For as long as many of us can remember, the Libertarian Party has placed candidates on the Texas ballot. Candidates nominated by the party ranged from a myriad of local offices to governor. Though the Party certainly should recruit and develop good candidates for down-ballot races, retaining ballot access is based on voting results in statewide races.
When Libertarian candidates run against both a Republican and a Democratic opponent, statewide candidates have generally received 2-4% of the vote (chart below). The trend has been basically flat. In only two years, 1992 and 2016, was the LPTexas nominee for a statewide executive office able to garner more than 5% of the vote (ballot retention threshold) when both a Democrat and a Republican were running.
In 1992, Ross Perot received 22% of the vote for President in Texas. Voter turnout was exceptionally high. Railroad Commissioner was the only statewide executive position on the ballot. Additionally, there was a major scandal involving the Democratic incumbent Commissioner. Only Republican candidates for Railroad Commissioner have been elected since.
2016 was a similarly exceptional year. Railroad Commissioner was again the only statewide executive position on the ballot. Poor voter perceptions of Trump and Clinton meant unprecedented attention to alternative party candidates. Additionally, the LPTexas candidate’s qualifications were so clearly superior to those of the Republican and Democratic nominees that the campaign could not be ignored by the major newspapers.
Having all six of the major newspaper endorsements obviously made a difference in vote totals, even though barely sufficient to get past the 5% ballot retention threshold.
In most other years, LPTexas retained ballot access by having nominees for statewide judicial races in which there was no Democrat on the ballot. If Texas becomes more competitive for Democrats (as it soon might), ballot retention could get increasingly difficult. This was the case in 2016.
On one level, this is disturbing news. Without exceptional circumstances, LPTexas vote totals appear stuck in the 2-4% range with races that include both Republicans and Democrats. On another level, there are some cracks in the duopoly that might be exploited.
Though the 2016 Railroad Commissioner race was anomalous, it did garner significant media attention. Perhaps the major newspapers will be more inclined to consider covering and interviewing Libertarian candidates in the future. It's also encouraging that Gary Johnson was able to triple his showing in the state. One would have to worry, however, that this increase was due to both of the major party candidates being held in such low regard.
There are other ways the duopoly might be vulnerable to challenge. A major split is becoming increasingly apparent in the Republican Party. And the Democratic Party seems intent on staying far left of where the majority of the Texas electorate resides. There's clearly an opening in the middle of Texas politics.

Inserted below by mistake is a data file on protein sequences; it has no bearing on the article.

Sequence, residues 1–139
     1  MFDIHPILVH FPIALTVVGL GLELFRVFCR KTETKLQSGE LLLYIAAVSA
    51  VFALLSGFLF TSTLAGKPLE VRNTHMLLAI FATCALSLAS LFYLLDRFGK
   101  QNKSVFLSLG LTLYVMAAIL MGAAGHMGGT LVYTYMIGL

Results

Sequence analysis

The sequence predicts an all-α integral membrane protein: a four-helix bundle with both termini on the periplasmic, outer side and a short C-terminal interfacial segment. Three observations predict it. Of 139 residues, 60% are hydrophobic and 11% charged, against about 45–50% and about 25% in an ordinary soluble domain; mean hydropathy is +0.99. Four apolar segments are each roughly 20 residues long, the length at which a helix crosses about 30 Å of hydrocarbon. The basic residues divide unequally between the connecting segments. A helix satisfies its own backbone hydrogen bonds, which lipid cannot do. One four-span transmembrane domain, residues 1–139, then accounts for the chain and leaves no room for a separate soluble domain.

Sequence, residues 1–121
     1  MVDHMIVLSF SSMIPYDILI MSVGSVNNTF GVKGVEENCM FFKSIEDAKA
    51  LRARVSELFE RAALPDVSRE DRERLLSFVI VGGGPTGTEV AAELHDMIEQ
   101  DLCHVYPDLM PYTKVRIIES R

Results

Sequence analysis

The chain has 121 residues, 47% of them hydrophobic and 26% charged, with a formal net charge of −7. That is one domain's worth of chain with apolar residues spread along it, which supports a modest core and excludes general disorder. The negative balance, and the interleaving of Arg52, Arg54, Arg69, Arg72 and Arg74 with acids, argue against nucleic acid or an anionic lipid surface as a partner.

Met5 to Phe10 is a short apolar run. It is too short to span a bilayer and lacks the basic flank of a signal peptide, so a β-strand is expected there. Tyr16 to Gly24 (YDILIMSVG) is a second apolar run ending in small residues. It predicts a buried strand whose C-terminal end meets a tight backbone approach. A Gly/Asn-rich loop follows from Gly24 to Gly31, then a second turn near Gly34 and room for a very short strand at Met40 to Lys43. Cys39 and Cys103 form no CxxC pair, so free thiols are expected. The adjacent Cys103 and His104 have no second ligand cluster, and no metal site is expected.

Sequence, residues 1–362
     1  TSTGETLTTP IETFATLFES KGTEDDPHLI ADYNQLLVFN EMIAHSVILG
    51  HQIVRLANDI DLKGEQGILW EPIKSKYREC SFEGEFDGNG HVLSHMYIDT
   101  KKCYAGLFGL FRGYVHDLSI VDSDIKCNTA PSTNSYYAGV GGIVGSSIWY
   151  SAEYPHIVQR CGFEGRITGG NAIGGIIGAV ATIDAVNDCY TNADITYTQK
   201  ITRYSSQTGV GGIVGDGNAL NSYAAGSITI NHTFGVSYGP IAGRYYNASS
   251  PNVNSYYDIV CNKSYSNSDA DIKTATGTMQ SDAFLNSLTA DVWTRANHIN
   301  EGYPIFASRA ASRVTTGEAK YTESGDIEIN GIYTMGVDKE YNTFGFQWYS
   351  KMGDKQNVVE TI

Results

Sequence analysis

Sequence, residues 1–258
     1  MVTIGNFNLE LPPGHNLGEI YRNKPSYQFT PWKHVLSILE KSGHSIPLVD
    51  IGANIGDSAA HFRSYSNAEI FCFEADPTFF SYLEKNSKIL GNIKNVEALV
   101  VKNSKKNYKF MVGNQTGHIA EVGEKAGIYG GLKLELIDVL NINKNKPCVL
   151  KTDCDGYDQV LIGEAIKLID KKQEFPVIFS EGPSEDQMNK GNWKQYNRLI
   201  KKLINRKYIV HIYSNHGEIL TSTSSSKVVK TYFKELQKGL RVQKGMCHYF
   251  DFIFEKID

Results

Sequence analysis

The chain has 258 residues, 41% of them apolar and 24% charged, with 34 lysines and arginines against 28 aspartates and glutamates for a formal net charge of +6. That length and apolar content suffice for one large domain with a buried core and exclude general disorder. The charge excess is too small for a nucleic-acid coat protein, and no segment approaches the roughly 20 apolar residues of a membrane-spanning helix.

There are certain things that the party's state leadership might elect to do about this. But selecting the party’s nominees is not among them.
Anyone who is not affiliated with another political party and qualified for the position can decide to be a Libertarian candidate so long as they file the appropriate paperwork by December 11, 2017. Candidates are vetted by a process that starts at County Conventions and ends with the State Convention. Delegates at those conventions decide who will appear as the Party's nominees on the general election ballot.
In his book The United States of Dysfunction: A Constitutional History of America’s Present Crisis, Carl Jarvis argues that our current state of political polarization is a result of the selection of party nominees through popular-vote primaries. In prior times, when political party hierarchies selected their nominees, electability was of great concern, thus providing moderating influences not guaranteed when nominees are popularly chosen.
This argument would suggest that LPTexas’ convention-selection process is more likely to produce the most successful nominees. Unfortunately, data in the above graph suggests otherwise. In the last 25 years, the party seems to have made little progress in finding candidates who can increase vote totals - even enough to consistently achieve the relatively modest 5% ballot retention threshold.
As we enter the 2018 election cycle, delegates may wish to consider what sort of candidates are most likely to be successful in moving the cause forward. Perhaps seizing the emerging opportunity will require fielding candidates of a different sort than those nominated in the past.
Let's keep two things in mind as we contemplate on, and talk about, how to move forward:
Hope is not a strategy.
Insanity: doing the same thing over and over again and expecting different results.
- Albert Einstein.